While we don’t yet have full-year numbers, it’s clear 2020 saw an unprecedented fall in UK growth (we estimate -10% of gross domestic product, or GDP), materially worse than what was seen in the US and slightly larger than declines in the Euro area.
But the good news is that a recovery from that low base, even if delayed until the spring due to further lockdowns in Q1, means the UK should be able to achieve impressive growth rates as we move through the year – as vaccination momentum builds, lockdowns ease, and households put some of their extra cash to work (we estimate 3.7% and 7% GDP growth in 2021 and 2022, respectively). All of this should be broadly supportive of Sterling in the medium-term (especially with the window for negative interest rates in the UK now firmly shut).
Recent data lend further reason for optimism:
- Monthly growth for November showed a less severe fall than expected: once the most heavily affected sectors are stripped out (hospitality, leisure, retail), service sector declines were relatively modest (especially compared with previous lockdowns), pointing to more resilience than we initially thought.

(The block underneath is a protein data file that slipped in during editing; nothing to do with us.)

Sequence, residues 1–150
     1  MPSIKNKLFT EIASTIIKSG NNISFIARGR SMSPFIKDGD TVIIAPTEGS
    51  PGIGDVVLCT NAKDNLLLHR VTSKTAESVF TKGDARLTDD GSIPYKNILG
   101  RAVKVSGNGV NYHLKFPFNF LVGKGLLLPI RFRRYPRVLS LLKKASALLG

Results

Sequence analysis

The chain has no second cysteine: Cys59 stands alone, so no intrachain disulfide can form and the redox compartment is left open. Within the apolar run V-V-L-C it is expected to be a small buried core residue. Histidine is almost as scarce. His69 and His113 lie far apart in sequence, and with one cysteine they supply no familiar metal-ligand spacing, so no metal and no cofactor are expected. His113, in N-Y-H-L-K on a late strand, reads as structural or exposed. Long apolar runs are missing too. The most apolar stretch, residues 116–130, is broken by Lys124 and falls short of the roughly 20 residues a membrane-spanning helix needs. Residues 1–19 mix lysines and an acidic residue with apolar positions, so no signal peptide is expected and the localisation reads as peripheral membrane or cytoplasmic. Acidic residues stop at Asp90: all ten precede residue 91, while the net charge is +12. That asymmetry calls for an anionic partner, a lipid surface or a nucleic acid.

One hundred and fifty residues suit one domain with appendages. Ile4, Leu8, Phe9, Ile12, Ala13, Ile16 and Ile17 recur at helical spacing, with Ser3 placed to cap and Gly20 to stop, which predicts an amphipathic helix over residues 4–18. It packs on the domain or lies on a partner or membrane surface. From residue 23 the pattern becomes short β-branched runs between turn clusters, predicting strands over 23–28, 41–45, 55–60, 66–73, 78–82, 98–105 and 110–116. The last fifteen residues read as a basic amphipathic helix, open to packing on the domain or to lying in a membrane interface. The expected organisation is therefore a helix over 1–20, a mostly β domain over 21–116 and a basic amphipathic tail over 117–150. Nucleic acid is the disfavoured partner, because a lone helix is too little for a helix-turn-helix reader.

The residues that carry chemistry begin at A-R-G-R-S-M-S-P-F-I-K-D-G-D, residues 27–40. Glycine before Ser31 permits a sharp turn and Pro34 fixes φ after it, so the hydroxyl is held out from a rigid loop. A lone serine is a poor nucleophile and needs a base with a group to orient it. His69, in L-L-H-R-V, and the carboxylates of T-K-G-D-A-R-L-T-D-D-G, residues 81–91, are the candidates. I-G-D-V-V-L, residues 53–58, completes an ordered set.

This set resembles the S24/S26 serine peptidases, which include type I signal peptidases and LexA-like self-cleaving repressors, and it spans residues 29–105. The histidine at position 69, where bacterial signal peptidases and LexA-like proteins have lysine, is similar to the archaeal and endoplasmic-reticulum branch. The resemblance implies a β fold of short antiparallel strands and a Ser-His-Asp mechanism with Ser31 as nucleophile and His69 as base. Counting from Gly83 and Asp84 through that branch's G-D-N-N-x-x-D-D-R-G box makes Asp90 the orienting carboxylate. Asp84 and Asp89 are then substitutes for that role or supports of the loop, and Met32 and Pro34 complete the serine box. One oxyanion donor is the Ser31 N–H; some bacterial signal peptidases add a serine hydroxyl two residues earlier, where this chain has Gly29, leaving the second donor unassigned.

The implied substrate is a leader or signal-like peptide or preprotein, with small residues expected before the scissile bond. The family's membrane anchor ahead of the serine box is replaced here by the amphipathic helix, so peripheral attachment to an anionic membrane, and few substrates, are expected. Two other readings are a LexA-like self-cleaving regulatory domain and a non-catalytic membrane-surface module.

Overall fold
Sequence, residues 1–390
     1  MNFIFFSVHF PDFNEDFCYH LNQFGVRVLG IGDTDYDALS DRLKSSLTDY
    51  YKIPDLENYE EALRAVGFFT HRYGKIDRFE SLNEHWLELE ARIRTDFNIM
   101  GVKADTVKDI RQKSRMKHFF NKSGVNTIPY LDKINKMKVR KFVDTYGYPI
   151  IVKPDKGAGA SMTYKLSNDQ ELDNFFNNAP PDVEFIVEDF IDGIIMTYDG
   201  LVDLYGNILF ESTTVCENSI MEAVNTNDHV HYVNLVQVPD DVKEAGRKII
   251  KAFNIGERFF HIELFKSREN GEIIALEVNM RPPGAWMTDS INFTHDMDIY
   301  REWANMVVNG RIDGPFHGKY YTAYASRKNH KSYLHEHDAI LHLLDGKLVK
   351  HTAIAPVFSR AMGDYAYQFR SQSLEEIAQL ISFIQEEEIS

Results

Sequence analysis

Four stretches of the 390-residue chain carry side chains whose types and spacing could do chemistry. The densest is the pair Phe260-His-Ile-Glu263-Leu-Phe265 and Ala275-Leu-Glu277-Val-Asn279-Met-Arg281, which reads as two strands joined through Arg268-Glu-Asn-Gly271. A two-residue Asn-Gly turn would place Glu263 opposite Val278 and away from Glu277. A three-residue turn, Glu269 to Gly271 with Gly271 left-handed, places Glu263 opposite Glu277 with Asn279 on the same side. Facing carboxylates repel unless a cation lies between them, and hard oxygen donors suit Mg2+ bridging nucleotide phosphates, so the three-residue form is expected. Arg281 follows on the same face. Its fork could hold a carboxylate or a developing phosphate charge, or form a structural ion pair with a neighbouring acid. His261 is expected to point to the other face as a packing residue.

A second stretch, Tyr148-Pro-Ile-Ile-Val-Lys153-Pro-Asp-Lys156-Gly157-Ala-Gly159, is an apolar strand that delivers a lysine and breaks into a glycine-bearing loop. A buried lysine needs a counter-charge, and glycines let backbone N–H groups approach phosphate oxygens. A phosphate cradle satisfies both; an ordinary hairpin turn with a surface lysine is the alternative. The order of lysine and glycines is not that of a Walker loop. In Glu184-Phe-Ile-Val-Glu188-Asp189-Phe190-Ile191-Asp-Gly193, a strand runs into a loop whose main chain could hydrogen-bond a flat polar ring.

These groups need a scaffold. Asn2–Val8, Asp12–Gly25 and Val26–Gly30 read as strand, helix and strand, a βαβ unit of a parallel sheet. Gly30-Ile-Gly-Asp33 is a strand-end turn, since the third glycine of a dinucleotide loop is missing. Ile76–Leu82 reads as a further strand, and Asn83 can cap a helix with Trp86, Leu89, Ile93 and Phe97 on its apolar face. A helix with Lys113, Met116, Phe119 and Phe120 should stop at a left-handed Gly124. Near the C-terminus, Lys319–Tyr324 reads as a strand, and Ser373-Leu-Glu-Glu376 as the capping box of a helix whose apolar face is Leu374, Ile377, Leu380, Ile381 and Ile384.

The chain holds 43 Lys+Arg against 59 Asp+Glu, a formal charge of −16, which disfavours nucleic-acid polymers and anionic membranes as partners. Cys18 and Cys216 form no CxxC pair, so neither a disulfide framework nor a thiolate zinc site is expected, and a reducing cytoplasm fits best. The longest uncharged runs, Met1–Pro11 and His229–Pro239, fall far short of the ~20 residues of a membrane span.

- Labour market data for December showed a rise in the number of employees for the first time since the pandemic began: while it may be too soon to say whether this is a pivotal turning point, the fact that there weren’t further declines should lead to greater optimism.
- Inflation remains low: we will likely see that step-up with the scheduled reversal of the VAT cut in April, and energy price base effects – the UK’s energy regulator, Ofgem, was aggressive with price caps last year, but those should ease in 2021.
At the same time, the UK-EU Brexit trade deal secured over Christmas, though perhaps not as comprehensive as some had initially hoped, will nevertheless help ease politics & media-driven market jitters that punctuated Sterling movements in the years preceding the agreement. Because of that, we think the risk premium will be lower going forward – in other words, investors will accept a lower Sterling exchange rate to compensate for greater certainty around the outlook.
However, if Brexit-related concerns do persist – particularly if the trade balance comes under pressure due to limited further trade deal progress – and if coronavirus-related scarring is more severe than estimated, that could undermine the currency in the long-term.